“Game of Thrones,” the hit HBO adaptation of author George R.R. Martin’s “A Song of Ice and Fire” fantasy novel series, was a hot topic of conversation when network executives met with journalists at the Television Critics Association press tour in Beverly Hills, Calif., on Thursday. What fans of the show need to know:
Martin is onboard, all the way
“George is so excited about the way that we have handled it, and the way that the creators have handled it, that they’re really inextricably linked to each other,” said HBO exec Richard Plepler. “So the truth is, when you see how thrilled he is with the production — he came to our offices last week, and he was floating, both from the reviews of his last book and from the reception of ‘Game of Thrones.’ He is very much a part of the narrative arc that [creators David Benioff and Dan Weiss] and the team are building. He is linked to everything that they’re doing. It’s not like he disappeared. So they rely on him, they talk to him, he talks to them. He’s
thrilled with what they have produced.”
Fans have totally caught HBO off-guard with their devotion
“There’s a great relationship this show has with its fan base, and the books have with its fan base, that we take very seriously,” HBO exec Michael Lombardo said. “I mean, people have been watching casting on this show in a way that we’ve never experienced before. They — when we brought this show up, there was a challenge not only how the general public was going to respond to it, but there was such a high bar set by the fans of the books to execute the show in a way that they felt was respectful of the books. So that’s a relationship that we’re really obviously very aware of and respectful of.”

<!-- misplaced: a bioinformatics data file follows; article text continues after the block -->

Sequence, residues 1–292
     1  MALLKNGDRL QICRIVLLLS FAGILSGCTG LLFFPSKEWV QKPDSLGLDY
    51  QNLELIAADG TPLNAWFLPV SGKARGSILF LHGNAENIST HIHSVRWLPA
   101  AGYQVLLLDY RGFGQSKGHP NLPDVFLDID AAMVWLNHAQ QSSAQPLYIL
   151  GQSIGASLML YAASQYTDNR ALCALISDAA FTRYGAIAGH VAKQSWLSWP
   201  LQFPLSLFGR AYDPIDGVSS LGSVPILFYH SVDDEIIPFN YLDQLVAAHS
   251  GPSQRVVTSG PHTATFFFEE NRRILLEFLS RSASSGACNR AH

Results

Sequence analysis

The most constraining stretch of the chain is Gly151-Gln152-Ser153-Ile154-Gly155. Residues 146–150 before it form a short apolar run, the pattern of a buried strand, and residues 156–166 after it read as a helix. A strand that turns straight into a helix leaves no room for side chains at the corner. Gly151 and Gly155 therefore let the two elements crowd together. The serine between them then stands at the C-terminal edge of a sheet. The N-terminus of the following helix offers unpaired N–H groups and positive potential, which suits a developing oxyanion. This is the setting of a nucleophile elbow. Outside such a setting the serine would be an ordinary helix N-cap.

Ten episodes per season is all we’re going to get
“I’ll tell you, the challenge on a show like that, and the challenge for a lot of our shows, if we could do 12 episodes of ‘Game of Thrones,’ we would,” Lombardo said. “They are already in production on the second season. They had to start writing early to actually produce those shows at the level of execution they need, and deliver in time so we’re not asking a consumer to wait more than a year [to air a season], which we’ve decided is a mistake. There is no way [the creative team] could physically do more than 10 without us making a decision to dilute the quality of the execution, to have them be less hands-on, which is not, again, what we’re about. So I fully appreciate it. I think the only good news is, I hope it lasts for 20 years. You know, I can promise you we won’t stop it before it’s ready to stop.”
As long as Martin is writing, the show will go on…
“We told George we would [produce ‘Game of Thrones’] as long as he kept writing,” Plepler told journalists.
“What is exciting is there is so much storytelling,” Lombardo added. “What was so amazing about the Emmy nominations [for the show] was that they were nominated for writing. And I think that Dan and David are able to distill quantities of storytelling into the essence — and I trust that they’ll do that going forward. And the good news is, as long as they want to keep doing it, and as long as they’re achieving what they did this season in terms of being happy with the result, there’s a lot of storytelling to tell. So I think it’s actually invigorating rather than daunting.”
…well, sort of
Critics translated Lombardo’s sentiment to mean HBO will commit to “Game of Thrones” as long as it is successful — both creatively and in terms of ratings/profits.
Lombardo later clarified the network’s stance on the number of seasons HBO will produce: “I don’t know where the show for us ends as opposed to the books. It maybe would be fantastic to be able to say, ‘This show will go on for 10 years and do every aspect of the books. I don’t know that that will be the case.’
“I think the show has not only performed well, they seem engaged,” Lombardo continued. “I think the challenge for us is always how long do the creators want to stay on a show. Dan and David, I can’t imagine — we have not really been a network that’s embraced the idea of changing creative vision. We’re doing this without any predetermined idea of the number of seasons that we can do this. And Dan and David have signed on for a couple years. And we’re going to have that conversation with them every couple years.”